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Abstract: SA-PO212

AKI Promotes Osteoid Formation Through Increased PTH Secretion in Rats

Session Information

Category: Bone and Mineral Metabolism

  • 401 Bone and Mineral Metabolism: Basic

Authors

  • Nakagawa, Yosuke, Tokai Daigaku Igakubu Jin Naibunpi Taisha Naika, Isehara, Kanagawa, Japan
  • Komaba, Hirotaka, Tokai Daigaku Igakubu Jin Naibunpi Taisha Naika, Isehara, Kanagawa, Japan
  • Hamano, Naoto, Tokai Daigaku Igakubu Jin Naibunpi Taisha Naika, Isehara, Kanagawa, Japan
  • Sawada, Kaichiro, Tokai Daigaku Igakubu Jin Naibunpi Taisha Naika, Isehara, Kanagawa, Japan
  • Wada, Takehiko, Tokai Daigaku Igakubu Jin Naibunpi Taisha Naika, Isehara, Kanagawa, Japan
  • Nakamura, Michio, Tokai Daigaku Igakubu Jin Naibunpi Taisha Naika, Isehara, Kanagawa, Japan
  • Fukagawa, Masafumi, Tokai Daigaku Igakubu Jin Naibunpi Taisha Naika, Isehara, Kanagawa, Japan
Background

Acute kidney injury (AKI) can induce alterations in mineral metabolism, but little is known about the longitudinal changes in bone morphology in the course of AKI and renal recovery. The purpose of this study was to determine the effect of AKI on mineral and bone metabolism and the underlying mechanism in a rat model of ischemia reperfusion injury (IRI).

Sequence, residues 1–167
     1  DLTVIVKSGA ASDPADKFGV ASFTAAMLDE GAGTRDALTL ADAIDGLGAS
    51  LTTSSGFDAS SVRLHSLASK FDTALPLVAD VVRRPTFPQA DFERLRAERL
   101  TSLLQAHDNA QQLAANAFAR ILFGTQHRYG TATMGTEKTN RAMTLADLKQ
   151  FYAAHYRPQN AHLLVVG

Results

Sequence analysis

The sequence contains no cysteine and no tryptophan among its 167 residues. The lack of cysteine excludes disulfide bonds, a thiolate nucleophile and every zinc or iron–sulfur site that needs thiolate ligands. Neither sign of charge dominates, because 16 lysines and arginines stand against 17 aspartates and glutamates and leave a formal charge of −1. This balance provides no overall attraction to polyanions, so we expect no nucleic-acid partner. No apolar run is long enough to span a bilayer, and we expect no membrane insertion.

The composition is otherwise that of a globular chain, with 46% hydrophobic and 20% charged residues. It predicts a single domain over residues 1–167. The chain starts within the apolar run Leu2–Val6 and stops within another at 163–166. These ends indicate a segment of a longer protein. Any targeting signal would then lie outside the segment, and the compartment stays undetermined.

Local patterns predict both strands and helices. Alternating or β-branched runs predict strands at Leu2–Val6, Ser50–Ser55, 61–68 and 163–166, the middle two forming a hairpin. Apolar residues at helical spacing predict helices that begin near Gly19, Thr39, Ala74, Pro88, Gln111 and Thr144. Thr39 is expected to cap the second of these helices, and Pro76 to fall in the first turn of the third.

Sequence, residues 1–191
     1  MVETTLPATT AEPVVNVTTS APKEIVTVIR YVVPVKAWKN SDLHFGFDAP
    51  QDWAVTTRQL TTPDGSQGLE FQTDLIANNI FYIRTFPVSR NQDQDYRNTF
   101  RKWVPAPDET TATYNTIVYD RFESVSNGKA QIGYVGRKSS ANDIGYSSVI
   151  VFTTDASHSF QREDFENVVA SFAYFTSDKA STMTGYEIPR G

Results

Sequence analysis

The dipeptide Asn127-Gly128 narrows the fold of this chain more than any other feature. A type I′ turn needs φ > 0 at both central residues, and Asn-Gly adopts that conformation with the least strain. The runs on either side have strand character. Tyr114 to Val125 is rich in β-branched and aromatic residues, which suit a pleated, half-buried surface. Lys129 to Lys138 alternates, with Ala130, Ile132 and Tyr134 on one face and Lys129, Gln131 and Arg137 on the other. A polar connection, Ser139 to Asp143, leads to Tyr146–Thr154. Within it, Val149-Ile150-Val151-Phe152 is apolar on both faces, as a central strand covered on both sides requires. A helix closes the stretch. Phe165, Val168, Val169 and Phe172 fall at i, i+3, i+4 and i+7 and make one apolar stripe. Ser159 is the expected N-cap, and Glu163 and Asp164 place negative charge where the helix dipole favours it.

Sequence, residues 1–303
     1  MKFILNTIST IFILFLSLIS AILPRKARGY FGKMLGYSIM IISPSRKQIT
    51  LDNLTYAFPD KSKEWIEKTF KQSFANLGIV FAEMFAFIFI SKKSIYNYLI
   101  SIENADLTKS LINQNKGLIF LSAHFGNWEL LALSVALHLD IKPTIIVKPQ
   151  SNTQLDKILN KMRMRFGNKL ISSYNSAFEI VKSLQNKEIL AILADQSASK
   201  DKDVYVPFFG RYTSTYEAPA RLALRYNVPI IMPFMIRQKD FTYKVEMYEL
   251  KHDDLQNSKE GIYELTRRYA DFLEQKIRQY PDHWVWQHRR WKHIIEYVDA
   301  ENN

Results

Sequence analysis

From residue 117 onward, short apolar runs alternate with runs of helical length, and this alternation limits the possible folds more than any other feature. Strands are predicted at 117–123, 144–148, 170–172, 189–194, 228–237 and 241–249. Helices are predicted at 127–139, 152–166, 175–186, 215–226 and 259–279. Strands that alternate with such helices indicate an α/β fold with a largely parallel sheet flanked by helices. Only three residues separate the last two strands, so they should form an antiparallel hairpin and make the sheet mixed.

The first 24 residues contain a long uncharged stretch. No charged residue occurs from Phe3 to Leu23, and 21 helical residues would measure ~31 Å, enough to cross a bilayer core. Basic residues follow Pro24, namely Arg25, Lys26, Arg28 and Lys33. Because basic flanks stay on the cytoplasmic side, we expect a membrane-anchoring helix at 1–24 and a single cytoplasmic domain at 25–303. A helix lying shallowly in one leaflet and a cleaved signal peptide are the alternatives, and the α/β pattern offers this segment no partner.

Methods

Six-week-old male Sprague-Dawley rats were subjected to 35-min bilateral IRI or sham surgery. We evaluated the time course of changes in kidney function and mineral metabolism after surgery and assessed bone morphology at 3 days and 4 weeks by bone histomorphometry. We also repeated the experiment after performing parathyroidectomy followed by continuous infusion of 1-34PTH at a physiological dose.

Results

Rats with IRI exhibited acute hyperphosphatemia, decreased 1,25-dihydroxyvitamin D, and progressively increasing FGF23 and PTH levels, and demonstrated a striking increase in osteoid volume on day 3. During renal recovery, alterations in mineral metabolism and bone morphology normalized almost completely by week 4. To investigate the mechanism of the transient induction of osteoid formation after IRI, we performed qPCR of RNA isolated from femurs at 24 hours after surgery and found increased expression of secretory leukocyte protease inhibitor (SLPI), a downstream mediator of PTH-induced bone formation, suggesting a causal role of PTH in the osteoid formation after IRI. Supporting this possibility, we confirmed that parathyroidectomy prevented the induction of osteoid formation at 3 days after IRI.

Conclusion

AKI induces a transient, but marked increase of osteoid formation in association with alterations in mineral metabolism and increased PTH. The induction of osteoid formation after AKI can be attributed to the anabolic effect of PTH on bone.